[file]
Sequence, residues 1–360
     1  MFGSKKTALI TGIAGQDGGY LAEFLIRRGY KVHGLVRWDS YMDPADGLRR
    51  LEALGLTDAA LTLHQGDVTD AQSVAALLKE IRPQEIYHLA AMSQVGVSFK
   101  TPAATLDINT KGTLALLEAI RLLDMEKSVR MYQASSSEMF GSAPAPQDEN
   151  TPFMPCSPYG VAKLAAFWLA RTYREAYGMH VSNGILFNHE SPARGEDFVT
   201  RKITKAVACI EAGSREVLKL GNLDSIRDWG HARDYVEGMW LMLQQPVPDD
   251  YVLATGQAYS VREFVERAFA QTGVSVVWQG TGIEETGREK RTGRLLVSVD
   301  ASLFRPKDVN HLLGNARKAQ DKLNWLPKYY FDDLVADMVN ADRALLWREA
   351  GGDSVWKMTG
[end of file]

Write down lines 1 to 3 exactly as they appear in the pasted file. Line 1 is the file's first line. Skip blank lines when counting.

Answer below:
Sequence, residues 1–360
     1  MFGSKKTALI TGIAGQDGGY LAEFLIRRGY KVHGLVRWDS YMDPADGLRR
    51  LEALGLTDAA LTLHQGDVTD AQSVAALLKE IRPQEIYHLA AMSQVGVSFK